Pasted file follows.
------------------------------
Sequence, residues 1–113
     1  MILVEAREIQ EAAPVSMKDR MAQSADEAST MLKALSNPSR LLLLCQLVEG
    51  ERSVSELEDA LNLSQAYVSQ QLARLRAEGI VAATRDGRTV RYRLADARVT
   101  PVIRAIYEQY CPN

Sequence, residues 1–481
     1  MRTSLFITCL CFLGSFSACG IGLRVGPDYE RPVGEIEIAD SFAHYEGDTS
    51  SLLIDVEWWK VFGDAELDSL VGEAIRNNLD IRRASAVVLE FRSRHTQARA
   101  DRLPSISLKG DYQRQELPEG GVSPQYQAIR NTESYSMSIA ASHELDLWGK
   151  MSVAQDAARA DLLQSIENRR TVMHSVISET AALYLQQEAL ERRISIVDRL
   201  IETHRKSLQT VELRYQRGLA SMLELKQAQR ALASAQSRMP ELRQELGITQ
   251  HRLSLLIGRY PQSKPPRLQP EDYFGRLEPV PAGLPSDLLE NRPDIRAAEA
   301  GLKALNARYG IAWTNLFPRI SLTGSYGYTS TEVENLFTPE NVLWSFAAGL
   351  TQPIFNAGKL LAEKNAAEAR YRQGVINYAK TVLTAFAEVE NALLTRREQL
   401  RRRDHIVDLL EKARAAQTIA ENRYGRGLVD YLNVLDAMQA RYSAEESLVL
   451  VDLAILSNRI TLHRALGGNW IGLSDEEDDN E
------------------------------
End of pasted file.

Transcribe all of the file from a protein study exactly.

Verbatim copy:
Sequence, residues 1–113
     1  MILVEAREIQ EAAPVSMKDR MAQSADEAST MLKALSNPSR LLLLCQLVEG
    51  ERSVSELEDA LNLSQAYVSQ QLARLRAEGI VAATRDGRTV RYRLADARVT
   101  PVIRAIYEQY CPN

Sequence, residues 1–481
     1  MRTSLFITCL CFLGSFSACG IGLRVGPDYE RPVGEIEIAD SFAHYEGDTS
    51  SLLIDVEWWK VFGDAELDSL VGEAIRNNLD IRRASAVVLE FRSRHTQARA
   101  DRLPSISLKG DYQRQELPEG GVSPQYQAIR NTESYSMSIA ASHELDLWGK
   151  MSVAQDAARA DLLQSIENRR TVMHSVISET AALYLQQEAL ERRISIVDRL
   201  IETHRKSLQT VELRYQRGLA SMLELKQAQR ALASAQSRMP ELRQELGITQ
   251  HRLSLLIGRY PQSKPPRLQP EDYFGRLEPV PAGLPSDLLE NRPDIRAAEA
   301  GLKALNARYG IAWTNLFPRI SLTGSYGYTS TEVENLFTPE NVLWSFAAGL
   351  TQPIFNAGKL LAEKNAAEAR YRQGVINYAK TVLTAFAEVE NALLTRREQL
   401  RRRDHIVDLL EKARAAQTIA ENRYGRGLVD YLNVLDAMQA RYSAEESLVL
   451  VDLAILSNRI TLHRALGGNW IGLSDEEDDN E